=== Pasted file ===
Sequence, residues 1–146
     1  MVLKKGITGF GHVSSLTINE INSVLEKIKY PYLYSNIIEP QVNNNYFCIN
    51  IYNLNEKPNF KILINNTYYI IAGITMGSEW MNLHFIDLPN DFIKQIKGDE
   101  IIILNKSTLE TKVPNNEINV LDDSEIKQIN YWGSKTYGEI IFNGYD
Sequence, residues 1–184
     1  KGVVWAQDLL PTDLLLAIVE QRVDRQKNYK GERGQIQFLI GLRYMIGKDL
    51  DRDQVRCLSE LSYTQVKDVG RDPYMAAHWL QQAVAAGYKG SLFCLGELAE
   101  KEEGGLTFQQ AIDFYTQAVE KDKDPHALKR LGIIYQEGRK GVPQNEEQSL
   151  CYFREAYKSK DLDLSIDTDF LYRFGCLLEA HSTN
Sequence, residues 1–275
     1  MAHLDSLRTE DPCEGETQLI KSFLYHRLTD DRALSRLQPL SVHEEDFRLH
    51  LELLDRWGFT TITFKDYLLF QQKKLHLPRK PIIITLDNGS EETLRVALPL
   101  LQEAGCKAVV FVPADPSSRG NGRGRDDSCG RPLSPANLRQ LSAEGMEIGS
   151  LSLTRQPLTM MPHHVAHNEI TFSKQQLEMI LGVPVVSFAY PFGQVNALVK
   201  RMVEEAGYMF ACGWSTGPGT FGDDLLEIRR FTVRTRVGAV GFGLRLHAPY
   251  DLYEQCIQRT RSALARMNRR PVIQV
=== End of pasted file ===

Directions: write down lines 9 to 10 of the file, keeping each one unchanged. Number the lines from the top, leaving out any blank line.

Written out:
   151  CYFREAYKSK DLDLSIDTDF LYRFGCLLEA HSTN
Sequence, residues 1–275